The American Public Supports English First
Eighty-four percent (84%) of Americans say English should be the official language of the United States. Only nine percent (9%) disagree, according to a new Rasmussen Reports national telephone survey. Seven percent (7%) are not sure.
The support for English as the country’s official language remains steady from three years ago.
The U.S. Justice Department has told a major Ohio county to print bilingual ballots for the November election or it will be sued by the government. But most voters believe that election ballots in this country should be printed only in English.
A new Rasmussen Reports national telephone survey finds that 58% of Likely Voters favor English-only ballots. But this is down 10 points from June 2006. Thirty-eight percent (38%) disagree and say election ballots should be printed in both English and Spanish.
The Political Class is more emphatic. While 68% of Mainstream voters believe ballots should only be in English, 78% of those in the Political Class think they should be available in English and Spanish.
Still, 84% of all voters think English should be the nation’s official language. Just 13% disagree.
The survey of 1,000 Likely Voters U.S. Voters was conducted on August 11-12, 2010 by Rasmussen Reports. The margin of sampling error is +/- 3 percentage points with a 95% level of confidence. Field work for all Rasmussen Reports surveys is conducted by Pulse Opinion Research, LLC. See methodology.
Three-out-of four voters (75%) also continue to believe that companies should be allowed to require their employees to speak English on the job. Only 16% oppose such a requirement.
Just 12% of voters believe that requiring employees to speak English is a form of racism or bigotry. Seventy-nine percent (79%) reject that notion and believe the requirement is not racist or bigoted.
Both these findings, too, are virtually unchanged from when the questions were first asked in November 2007.
Seventy-six percent (76%) of Republicans and 60% of voters not affiliated with either major party say election ballots should be printed only in English. Fifty-eight percent (58%) of Democrats believe they should be printed in English and Spanish.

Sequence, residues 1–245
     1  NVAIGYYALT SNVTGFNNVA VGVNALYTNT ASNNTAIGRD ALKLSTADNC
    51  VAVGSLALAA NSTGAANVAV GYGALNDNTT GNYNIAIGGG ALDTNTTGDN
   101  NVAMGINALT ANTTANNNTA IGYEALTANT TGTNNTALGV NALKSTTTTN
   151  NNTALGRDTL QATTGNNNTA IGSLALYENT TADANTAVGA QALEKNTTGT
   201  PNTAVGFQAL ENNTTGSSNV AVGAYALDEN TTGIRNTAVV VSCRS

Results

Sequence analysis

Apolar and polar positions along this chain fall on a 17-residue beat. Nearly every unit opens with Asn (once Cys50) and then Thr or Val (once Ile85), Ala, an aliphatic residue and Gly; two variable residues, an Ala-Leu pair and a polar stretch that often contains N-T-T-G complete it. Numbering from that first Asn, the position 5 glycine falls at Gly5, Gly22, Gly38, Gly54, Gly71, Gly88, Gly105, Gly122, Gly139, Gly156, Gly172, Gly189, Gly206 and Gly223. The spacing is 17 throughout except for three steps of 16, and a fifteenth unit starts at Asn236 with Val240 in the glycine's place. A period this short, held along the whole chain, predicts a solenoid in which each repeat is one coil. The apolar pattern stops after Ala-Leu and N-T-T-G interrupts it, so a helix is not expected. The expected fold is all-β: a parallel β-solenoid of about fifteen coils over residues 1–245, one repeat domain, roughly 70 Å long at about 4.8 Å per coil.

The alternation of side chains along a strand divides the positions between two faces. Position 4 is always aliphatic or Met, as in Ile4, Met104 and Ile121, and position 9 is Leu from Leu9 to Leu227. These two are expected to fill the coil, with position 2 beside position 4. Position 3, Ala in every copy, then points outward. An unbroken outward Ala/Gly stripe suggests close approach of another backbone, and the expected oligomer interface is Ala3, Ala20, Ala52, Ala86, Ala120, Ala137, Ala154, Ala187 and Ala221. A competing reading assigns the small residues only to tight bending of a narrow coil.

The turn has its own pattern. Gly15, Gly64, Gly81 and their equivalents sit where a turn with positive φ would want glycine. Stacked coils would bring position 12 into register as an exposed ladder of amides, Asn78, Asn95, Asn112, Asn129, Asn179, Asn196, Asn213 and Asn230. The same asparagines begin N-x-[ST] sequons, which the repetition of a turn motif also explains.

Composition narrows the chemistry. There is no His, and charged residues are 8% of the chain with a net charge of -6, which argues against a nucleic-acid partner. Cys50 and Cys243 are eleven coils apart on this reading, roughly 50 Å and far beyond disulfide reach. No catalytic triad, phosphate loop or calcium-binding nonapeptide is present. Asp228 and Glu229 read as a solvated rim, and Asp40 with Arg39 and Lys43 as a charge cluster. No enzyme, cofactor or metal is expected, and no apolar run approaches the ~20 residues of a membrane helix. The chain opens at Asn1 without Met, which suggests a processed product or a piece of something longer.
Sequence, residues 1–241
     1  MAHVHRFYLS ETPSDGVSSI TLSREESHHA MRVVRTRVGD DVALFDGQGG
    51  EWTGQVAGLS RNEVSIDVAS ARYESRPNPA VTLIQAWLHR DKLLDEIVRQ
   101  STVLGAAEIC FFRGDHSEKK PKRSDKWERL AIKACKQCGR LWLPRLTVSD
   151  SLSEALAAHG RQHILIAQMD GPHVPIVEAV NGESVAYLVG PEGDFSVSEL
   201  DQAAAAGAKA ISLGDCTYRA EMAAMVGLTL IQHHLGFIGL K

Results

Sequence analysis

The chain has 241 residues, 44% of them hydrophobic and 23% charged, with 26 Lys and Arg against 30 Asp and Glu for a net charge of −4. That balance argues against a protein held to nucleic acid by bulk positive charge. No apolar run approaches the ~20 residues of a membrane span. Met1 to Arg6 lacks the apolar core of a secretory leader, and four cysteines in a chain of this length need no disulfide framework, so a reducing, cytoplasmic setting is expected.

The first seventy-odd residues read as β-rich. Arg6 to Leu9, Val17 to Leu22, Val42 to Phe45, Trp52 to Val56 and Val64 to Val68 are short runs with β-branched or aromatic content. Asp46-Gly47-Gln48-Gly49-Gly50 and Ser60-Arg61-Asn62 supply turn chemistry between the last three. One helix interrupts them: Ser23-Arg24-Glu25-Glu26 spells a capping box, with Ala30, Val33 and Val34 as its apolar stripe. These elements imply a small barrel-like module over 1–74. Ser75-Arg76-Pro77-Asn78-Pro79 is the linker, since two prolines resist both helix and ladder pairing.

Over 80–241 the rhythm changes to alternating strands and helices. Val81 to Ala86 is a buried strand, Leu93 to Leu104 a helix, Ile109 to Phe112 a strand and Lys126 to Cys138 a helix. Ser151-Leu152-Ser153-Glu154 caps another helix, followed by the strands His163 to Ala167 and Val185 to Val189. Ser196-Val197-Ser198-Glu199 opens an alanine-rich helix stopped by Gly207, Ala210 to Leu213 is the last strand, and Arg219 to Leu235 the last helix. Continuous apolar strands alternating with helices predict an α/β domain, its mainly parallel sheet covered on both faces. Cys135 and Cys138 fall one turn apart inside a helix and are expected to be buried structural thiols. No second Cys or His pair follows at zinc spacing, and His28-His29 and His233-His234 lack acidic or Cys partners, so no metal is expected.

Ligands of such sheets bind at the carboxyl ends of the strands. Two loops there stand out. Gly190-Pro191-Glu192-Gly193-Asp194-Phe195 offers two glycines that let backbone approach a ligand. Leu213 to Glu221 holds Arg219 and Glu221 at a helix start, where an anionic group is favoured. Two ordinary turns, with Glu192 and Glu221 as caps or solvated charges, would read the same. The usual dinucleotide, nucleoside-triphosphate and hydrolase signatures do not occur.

But most Democrats agree with Republicans and unaffiliated that English should be the official language of the United States. There is little disagreement on this question across all demographic categories.
There is also majority agreement across all groups about requiring English on the job and a common belief that such a requirement is not bigotry or racism.
In the mist of the 2008 campaign, then-candidate Barack Obama said it is more important for American children to learn to speak Spanish than it is for new immigrants into this country to learn to speak English. Voters strongly disagreed, with 83% saying a higher priority should be placed on encouraging immigrants to speak English as their primary language.
In a separate survey at the time, 42% of voters said most government officials encourage immigrants to retain the culture of their home country rather than to fully embrace American culture and society. Thirty-two percent (32%) disagreed. But 83% expressed more anger at the government for the way it handles immigration than anger at the immigrants themselves who are looking for jobs.
With midterm elections less than three months away, nearly two-out-of-three voters (65%) remain at least somewhat angry at the current policies of the federal government in all areas, including 40% who are Very Angry.
Fifty-six percent (56%) of voters oppose the Justice Department’s decision to challenge Arizona’s new immigration law in court. Fifty-four percent (54%) think the Justice Department instead should take legal action against cities that provide sanctuary for illegal immigrants. Even more think the federal government should cut off funds to these “sanctuary cities.”
Fifty-nine percent (59%) of voters favor passage of a law like Arizona’s in their own state. Most voters (53%) now say it’s better for individual states to act on their own to enforce immigration laws rather than relying on the federal government for enforcement.
Fifty six percent (56%), in fact, believe the policies of the federal government encourage people to enter the United States illegally.
Most Americans still oppose granting U.S. citizenship automatically to children born in America to illegal immigrants.